A report on the issues and questions concerning children of incarcerated parents

This report proposes a list of such questions, each followed by a discussion that is intended, not so much as a definitive answer, but as general background information. The information identifies nly general trends, since specific answers to the questions posed will differ by state, depending on factors such as the existing policy context and service array, demographic trends and available data.
What is the nature and scope of the problem?
How many children have a parent in prison and how many incarcerated parents have children?
Much of what we know about this issue comes from a series of reports by the Bureau of Justice Statistics (BJS) on incarcerated parents and their children, that in turn, are based upon periodic tional surveys of inmates in state and federal prisons. The latest such report was released in August 2008.2 It found that, in 2007, slightly more than 1.7 million children under age 18 had a parent in state or federal prison, representing 2.3 percent of the total U.S. child population. The number of children with a father in prison increased from 881,500 in 1991 to more than 1.5 million in 2007, a 77 percent increase. During that time, the number of children with a mother in prison increased by 131 percent, from 63,900 to 147,400.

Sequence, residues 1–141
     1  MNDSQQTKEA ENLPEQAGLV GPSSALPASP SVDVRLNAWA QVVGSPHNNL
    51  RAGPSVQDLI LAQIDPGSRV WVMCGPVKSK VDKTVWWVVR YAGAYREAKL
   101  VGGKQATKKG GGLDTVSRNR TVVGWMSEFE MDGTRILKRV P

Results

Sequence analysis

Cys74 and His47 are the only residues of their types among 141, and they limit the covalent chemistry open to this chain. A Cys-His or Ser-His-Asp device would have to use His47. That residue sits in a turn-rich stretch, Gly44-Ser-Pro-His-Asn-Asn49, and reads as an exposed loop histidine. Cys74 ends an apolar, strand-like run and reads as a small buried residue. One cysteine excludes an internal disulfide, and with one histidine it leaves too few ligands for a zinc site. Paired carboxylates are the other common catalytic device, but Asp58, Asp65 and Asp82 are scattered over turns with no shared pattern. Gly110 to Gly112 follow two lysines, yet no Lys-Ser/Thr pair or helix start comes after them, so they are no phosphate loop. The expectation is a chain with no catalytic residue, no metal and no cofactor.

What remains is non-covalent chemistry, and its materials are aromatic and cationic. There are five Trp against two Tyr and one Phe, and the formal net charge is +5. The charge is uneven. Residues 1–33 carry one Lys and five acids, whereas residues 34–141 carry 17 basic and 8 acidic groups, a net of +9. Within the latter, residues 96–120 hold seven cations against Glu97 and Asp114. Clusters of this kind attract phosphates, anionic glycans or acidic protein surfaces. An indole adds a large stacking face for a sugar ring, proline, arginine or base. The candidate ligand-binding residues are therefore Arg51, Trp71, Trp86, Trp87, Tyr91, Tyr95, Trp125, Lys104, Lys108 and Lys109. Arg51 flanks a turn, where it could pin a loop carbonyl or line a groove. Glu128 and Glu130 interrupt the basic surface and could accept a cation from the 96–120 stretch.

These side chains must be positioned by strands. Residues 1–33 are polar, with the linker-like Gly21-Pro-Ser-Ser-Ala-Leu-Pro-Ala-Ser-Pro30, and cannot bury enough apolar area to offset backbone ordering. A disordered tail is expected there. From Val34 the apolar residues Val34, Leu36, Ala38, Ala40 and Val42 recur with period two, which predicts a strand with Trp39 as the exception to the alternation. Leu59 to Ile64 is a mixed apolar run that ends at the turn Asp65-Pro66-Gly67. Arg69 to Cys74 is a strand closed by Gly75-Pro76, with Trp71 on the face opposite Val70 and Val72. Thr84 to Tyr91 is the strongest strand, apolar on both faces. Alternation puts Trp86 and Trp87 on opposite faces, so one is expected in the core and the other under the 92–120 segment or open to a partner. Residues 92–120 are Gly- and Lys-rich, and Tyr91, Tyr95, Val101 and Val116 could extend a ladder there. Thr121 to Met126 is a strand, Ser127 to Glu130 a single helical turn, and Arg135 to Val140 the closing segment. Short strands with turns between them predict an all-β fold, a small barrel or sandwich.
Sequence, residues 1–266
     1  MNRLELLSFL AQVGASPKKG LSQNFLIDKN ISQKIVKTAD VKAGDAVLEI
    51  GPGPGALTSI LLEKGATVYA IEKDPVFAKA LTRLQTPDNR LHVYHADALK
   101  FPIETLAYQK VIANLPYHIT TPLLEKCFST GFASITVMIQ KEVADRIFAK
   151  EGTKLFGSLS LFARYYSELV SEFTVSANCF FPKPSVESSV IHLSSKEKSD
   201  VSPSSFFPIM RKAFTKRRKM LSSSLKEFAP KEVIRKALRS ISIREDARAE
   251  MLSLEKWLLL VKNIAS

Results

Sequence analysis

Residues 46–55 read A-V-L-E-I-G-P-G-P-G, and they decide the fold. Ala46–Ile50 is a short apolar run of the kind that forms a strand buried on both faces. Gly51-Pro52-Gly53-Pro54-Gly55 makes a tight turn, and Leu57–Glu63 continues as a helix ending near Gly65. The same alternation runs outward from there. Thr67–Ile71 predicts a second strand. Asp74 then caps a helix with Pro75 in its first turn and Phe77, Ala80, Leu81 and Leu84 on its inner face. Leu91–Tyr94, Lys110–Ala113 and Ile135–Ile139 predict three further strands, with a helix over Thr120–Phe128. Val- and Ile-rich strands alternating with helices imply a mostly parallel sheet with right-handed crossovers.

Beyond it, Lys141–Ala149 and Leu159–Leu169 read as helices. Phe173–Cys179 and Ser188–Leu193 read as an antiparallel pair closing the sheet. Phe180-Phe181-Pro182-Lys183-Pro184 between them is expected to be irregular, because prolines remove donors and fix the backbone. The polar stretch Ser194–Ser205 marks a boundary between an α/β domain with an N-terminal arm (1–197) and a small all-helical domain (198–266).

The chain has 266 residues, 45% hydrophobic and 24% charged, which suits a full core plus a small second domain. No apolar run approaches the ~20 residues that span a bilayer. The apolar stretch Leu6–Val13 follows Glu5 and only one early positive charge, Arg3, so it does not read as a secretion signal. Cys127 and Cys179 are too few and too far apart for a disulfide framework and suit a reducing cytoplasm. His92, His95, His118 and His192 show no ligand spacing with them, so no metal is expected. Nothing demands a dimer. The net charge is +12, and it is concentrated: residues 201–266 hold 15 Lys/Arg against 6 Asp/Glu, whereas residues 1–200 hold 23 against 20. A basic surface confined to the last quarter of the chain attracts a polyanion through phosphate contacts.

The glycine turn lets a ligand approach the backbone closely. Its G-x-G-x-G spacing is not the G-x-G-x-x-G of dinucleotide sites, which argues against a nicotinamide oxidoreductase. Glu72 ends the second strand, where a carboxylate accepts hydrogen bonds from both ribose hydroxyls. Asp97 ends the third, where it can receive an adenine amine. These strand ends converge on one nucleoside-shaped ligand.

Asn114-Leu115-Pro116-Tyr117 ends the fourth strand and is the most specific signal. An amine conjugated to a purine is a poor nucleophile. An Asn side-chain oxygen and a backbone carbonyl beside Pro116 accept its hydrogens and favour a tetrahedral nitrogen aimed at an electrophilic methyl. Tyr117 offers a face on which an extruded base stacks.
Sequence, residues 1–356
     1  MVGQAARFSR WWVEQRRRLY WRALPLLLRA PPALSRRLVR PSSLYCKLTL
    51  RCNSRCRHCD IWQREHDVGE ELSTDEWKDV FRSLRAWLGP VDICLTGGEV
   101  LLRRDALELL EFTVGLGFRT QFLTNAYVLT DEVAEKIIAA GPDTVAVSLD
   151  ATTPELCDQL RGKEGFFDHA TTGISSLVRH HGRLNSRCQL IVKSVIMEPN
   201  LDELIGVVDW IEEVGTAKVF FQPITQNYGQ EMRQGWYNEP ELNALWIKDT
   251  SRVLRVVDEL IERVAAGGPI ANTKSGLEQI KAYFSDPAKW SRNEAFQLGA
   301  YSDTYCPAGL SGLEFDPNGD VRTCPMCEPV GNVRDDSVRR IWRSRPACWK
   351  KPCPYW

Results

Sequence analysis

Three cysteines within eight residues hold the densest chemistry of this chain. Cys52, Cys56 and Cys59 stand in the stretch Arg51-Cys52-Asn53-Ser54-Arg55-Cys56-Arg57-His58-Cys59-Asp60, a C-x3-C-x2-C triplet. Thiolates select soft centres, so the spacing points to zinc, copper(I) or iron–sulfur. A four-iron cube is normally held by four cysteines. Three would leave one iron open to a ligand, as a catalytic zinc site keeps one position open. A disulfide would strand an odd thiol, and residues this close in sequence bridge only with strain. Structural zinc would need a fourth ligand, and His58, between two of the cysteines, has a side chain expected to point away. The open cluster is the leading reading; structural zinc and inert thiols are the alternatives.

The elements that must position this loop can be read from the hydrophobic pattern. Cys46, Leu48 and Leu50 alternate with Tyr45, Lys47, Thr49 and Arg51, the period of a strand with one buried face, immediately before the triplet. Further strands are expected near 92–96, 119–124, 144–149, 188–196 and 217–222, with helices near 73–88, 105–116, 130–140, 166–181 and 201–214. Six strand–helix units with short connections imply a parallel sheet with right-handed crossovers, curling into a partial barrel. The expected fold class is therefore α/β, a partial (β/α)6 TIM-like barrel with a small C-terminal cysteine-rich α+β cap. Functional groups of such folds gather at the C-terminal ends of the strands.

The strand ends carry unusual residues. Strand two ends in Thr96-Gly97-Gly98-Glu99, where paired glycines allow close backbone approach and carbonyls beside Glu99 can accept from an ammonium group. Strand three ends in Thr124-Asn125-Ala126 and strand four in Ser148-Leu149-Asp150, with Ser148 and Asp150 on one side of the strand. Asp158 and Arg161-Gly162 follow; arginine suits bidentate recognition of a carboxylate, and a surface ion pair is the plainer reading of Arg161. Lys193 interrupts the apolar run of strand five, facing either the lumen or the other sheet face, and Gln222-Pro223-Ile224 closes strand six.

In 2007, 744,200 male prison inmates had minor children, compared to 65,500 women inmates. Most prisoners had at least one child under age 18 (52 percent of state inmates and 63 percent of federal inmates). Sixty-two percent of women in state prison and 56 percent of female inmates in federal prison were parents of minor children, compared to 51 percent of male state prisoners and 63 percent ……………………


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